NEW YORK (AP) – Judges for a prominent LGBTQ literature award withdrew a planned nomination for Lauren Hough’s acclaimed collection of essays, “Leaving Isn’t The Hardest Thing”, after the author used sharp and at times profane language in Twitter exchanges with critics of a novel she had expressed admiration for.
Hough was to be a Lambda Award finalist for best lesbian memoirs, one of 24 categories announced last week by the Lambda Literary Organization. But her name did not appear. In a letter sent to her publisher, Penguin Random House, shortly before the announcement and shared this week with The Associated Press, Lambda quoted a series of tweets (some deleted) from earlier this month that showed a “disturbing hostility towards transgender critics and transgender-allies “who had challenged the premise of Sandra Newman’s forthcoming novel” The Men. ”
“We need to keep the line in how we communicate with each other,” Lambda’s co-executive director Cleopatra Jach Acquaye said in a recent telephone interview. “We want people to treat each other with respect and treat each other with dignity.”
Hough, who has written about the controversy on Substack, declined further comments Wednesday.
Newman’s book, scheduled for June, envisions a post-male society in which humans with the Y chromosome have disappeared. Her publisher calls “The Men” a “gripping, beautiful and disturbing novel about feminist utopias and impossible sacrifices that question the dream of a perfect society.” On Twitter, Hough wrote that she had read an early copy and could barely find the words for how good it was, emphasizing “good” with an exclamation.
In screenshots seen by The Associated Press, Newman describes “The Men” on Twitter, and a follower responds: “Pretty sure this terf plot has been published four or five times already,” using the term “trans-exclusionary” radical feminist. “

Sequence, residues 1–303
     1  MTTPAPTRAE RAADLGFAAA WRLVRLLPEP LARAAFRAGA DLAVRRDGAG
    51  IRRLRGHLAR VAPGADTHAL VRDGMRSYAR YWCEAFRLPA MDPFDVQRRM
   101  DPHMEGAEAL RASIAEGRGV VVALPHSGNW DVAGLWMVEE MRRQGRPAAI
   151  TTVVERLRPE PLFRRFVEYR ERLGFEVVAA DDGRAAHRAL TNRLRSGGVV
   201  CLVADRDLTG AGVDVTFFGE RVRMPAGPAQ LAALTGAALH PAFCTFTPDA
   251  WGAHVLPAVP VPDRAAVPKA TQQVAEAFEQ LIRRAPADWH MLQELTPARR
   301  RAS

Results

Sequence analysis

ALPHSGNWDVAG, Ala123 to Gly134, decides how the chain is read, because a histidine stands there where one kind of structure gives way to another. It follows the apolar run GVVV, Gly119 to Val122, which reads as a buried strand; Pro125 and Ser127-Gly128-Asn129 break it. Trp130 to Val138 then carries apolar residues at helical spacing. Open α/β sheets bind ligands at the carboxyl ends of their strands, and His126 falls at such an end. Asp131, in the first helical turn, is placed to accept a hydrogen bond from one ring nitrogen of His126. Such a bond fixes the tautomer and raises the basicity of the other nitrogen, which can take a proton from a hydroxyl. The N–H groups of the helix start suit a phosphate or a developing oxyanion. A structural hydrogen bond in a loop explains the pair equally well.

Hough replies, “Pretty sure you do not know what (pronounced) is in a book you have not read.”
In another exchange, a book reviewer praises Hough for her book, noting that “honored authors” had won awards after saying worse things. The critic also writes that Hough was “decidedly aggressive” and expresses regret that “she said such a thing.”
“I’m not sorry I said such a thing,” Hough replies.
The letter from Lambda to Penguin Random House refers to “at least a few documented cases” in which Hough used “her significant platform – in part because of her excellent book – to harmfully engage with both readers and critics.”
Last year, Hough criticized some reviews she received on the social media platform Goodreads, tweeting in derogatory terms about readers who gave her book four stars (out of five possible) to “show that they are super tough reviewers who need to fall in love, for example, do you know? At least no one likes you. “
At Substack, Hough recently wrote that Newman had been an invaluable support while working on “Leaving Is not the Hardest Thing,” her debut book, and that the two had discussed how Newman’s novel could “recognize the reality of transgender people.”
“Other books that started from this premise – all the men disappear – have erased the existence of transgender people, and it was important for her not to do that, to be as sensitive as possible,” Hough wrote. “So when I saw people assume that the simple idea was the whole plot, I asked them to read the book before they assumed the worst. For this I was branded as a TERF.”
The news about Hough, which the author himself published last weekend, has continued the ongoing debate about “cancellation culture”, and whether Hough was wrongfully punished (or exploited “cancellation culture” for publicity). Meanwhile, she was among the finalists announced this week for another leading LGBTQ award, the Triangles. A spokeswoman for the Publishing Triangle, which is handing out the awards, said there were no plans to withdraw her nomination.
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